Want to learn more about CBD? Click here for more product reviews, recipes, and research-based articles about CBD from Healthline. Hemp-derived CBD products (with less than 0. 3 percent THC) are legal on the federal level, but are still illegal under some state laws. Marijuana-derived CBD products are illegal on the federal level, but are legal under some state laws.
Keep in mind that nonprescription CBD products are not FDA-approved, and may be inaccurately labeled. Sian Ferguson is a freelance writer and editor based in Cape Town, South Africa. Her writing covers issues relating to social justice, cannabis, and health. You can reach out to her on ..
Without quality clinical studies on CBD and arthritis, doctors have not been able to say who might benefit from CBD, at what dose and in which form, who likely won’t benefit and who should avoid it. Still, there is agreement on several points: CBD is not a substitute for disease-modifying treatment for inflammatory arthritis.
Together, they can review what has worked or not worked in the past, whether there are other options to try first, how to do a trial run, what to watch for and when to return for a follow-up visit to evaluate the results. Keep a symptom and dose diary to track effects.
To avoid wasting money, be completely sure that the product is truly having a positive effect on symptoms. CBD-based products can be taken orally, applied to the skin or inhaled. There are pros and cons for each. CBD that is swallowed, whether in capsules, food or liquid, is absorbed through the digestive tract.
Capsules can work for daily use after a safe, effective capsule dose has been established. Experts discourage taking CBD via edibles, like gummies and cookies, because dosing is unreliable, and they are appealing to children but do not come in childproof containers. Like any medicine, edibles should be secured out of sight and reach of children.
The taste may not be pleasant. Effects may be felt within 15 to 45 minutes. Topical products, like lotions and balms, are applied to the skin over a painful joint. Whether these products deliver CBD below the skin is unknown. Topical products may also include common over-the-counter ingredients such as menthol, capsaicin or camphor, making it difficult to determine if a positive effect is due to the CBD or another ingredient.
However, inhalation of vapor oils and chemical byproducts carry unknown risks, particularly for people with inflammatory arthritis. For this reason and because the Centers for Disease Control and Prevention is investigating vaping in association with widespread hospitalizations and deaths from severe pulmonary disease, vaping is not recommended. While there are no established clinical guidelines, the medical experts consulted by the Arthritis Foundation recommend the following for adults: When preparing to take a liquid form, be aware that the CBD extract is mixed with a carrier oil, so there are two measures to know: the amount of the liquid product to take (the dose) and the amount of CBD in each dose.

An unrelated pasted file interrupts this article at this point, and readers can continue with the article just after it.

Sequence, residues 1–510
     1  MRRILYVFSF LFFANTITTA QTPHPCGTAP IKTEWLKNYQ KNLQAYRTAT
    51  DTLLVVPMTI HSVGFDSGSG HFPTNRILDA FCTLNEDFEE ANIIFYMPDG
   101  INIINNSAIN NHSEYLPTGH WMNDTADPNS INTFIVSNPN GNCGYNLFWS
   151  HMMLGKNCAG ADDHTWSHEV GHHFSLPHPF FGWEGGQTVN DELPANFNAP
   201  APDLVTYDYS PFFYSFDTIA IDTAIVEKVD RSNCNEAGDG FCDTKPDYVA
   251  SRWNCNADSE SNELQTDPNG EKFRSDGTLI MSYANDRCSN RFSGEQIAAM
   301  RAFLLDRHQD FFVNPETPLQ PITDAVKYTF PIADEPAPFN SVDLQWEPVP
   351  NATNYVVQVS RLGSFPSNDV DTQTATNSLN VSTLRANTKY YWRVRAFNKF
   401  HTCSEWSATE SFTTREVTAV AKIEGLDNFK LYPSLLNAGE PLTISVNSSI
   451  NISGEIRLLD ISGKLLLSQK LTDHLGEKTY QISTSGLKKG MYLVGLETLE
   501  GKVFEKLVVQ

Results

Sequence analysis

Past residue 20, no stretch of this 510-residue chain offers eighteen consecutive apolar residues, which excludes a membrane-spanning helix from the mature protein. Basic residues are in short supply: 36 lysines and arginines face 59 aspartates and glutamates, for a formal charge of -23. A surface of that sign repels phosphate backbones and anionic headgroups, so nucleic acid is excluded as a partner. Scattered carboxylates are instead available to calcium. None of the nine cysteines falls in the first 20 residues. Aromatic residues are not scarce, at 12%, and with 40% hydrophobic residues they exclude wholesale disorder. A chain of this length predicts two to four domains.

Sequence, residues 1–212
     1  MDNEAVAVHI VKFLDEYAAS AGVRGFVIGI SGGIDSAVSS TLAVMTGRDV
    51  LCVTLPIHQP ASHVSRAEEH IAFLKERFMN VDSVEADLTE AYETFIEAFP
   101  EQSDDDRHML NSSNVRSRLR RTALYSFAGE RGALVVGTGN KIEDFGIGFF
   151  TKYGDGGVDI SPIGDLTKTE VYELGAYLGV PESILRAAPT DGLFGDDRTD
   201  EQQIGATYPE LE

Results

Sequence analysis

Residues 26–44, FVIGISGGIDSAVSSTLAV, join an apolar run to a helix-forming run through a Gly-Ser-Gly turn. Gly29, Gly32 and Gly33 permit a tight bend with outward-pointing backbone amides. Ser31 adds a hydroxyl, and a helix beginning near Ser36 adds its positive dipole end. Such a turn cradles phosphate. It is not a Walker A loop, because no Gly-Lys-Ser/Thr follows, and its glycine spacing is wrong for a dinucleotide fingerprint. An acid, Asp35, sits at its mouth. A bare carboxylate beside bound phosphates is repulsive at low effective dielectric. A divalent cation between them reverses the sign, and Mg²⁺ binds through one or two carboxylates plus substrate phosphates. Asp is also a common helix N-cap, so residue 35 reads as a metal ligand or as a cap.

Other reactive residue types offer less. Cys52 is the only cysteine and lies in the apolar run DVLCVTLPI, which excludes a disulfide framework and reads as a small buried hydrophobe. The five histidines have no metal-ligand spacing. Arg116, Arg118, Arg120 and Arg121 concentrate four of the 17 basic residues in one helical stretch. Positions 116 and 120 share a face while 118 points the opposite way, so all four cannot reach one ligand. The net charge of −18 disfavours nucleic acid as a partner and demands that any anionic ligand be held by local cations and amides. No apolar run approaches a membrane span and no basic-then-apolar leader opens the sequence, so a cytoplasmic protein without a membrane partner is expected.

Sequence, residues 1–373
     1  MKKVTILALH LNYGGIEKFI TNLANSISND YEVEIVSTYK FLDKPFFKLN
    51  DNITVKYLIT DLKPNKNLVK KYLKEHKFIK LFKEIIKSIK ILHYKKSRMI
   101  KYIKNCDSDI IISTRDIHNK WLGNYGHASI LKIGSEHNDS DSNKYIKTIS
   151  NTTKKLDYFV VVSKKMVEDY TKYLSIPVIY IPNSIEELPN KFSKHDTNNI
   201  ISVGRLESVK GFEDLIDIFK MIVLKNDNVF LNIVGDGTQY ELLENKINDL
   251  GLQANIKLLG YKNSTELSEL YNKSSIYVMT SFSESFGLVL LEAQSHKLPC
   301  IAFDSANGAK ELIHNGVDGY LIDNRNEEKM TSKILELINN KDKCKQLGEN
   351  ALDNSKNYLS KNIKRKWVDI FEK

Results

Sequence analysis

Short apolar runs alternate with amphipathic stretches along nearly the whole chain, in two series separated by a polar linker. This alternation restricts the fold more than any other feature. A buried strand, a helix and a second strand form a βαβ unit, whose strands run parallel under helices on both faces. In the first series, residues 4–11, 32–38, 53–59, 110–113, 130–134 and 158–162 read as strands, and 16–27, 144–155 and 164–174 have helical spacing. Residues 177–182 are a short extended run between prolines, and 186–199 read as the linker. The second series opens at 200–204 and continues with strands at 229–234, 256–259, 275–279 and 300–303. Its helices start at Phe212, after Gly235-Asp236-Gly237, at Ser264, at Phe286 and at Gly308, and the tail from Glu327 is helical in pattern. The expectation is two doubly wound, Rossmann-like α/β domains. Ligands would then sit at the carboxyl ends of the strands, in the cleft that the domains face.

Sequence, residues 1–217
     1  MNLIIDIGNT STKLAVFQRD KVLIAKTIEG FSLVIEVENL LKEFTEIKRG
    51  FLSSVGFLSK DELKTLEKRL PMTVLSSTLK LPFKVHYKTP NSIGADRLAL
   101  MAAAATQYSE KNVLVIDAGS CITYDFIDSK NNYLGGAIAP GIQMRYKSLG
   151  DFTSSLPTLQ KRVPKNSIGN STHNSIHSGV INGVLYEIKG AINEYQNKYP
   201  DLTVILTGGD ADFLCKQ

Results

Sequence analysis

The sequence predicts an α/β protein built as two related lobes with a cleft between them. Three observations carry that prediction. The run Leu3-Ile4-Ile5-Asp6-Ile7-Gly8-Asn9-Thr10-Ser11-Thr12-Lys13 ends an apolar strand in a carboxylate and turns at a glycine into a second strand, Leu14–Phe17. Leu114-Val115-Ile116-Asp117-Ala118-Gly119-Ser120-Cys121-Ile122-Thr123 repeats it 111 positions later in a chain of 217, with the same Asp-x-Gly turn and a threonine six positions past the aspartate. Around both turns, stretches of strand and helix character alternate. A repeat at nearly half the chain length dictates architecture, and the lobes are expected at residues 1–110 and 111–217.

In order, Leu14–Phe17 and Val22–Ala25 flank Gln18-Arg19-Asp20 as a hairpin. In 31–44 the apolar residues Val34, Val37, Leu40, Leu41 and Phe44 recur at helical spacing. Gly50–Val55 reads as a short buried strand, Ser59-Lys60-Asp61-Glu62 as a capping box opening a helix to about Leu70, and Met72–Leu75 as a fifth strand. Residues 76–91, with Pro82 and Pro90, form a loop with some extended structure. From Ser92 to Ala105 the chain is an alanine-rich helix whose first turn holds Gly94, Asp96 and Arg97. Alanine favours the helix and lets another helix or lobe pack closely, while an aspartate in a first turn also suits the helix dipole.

Start with just a few milligrams of CBD in sublingual form twice a day. If relief is inadequate after one week, increase the dose by that same amount. If needed, go up in small increments over several weeks. If you find relief, continue taking that dose twice daily to maintain a stable level of CBD in the blood.
Be aware that THC, even at low levels, may get you high, creating cognitive, motor and balance issues. Try THC-containing products at home or at night first, so you can sleep off any unwanted effects. After several weeks, if you don’t find relief with CBD alone or with a combination of CBD and very low THC, CBD may not be right for you.
Many people use cannabidiol (CBD) to relieve pain. Understanding CBD can help overcome the stigma associated with it. CBD oil is derived from the cannabis plant. People report using this oil for relief from pain, anxiety, depression, and sleep disorders. There is limited evidence from human studies to support the benefits of CBD oil, due to restrictions on the use of and research on cannabis.
In this article, we look at how CBD oil works and how people use it to relieve chronic pain. CBD is one of more than 100 compounds found in cannabis, called cannabinoids. Many plants contain cannabinoids, but people most commonly link these compounds to cannabis. Unlike other cannabinoids — such as tetrahydrocannabinol (THC) — CBD does not produce a euphoric “high.” This is because CBD does not affect the same receptors as THC.The human body has an endocannabinoid system (ECS) that receives and translates signals from cannabinoids.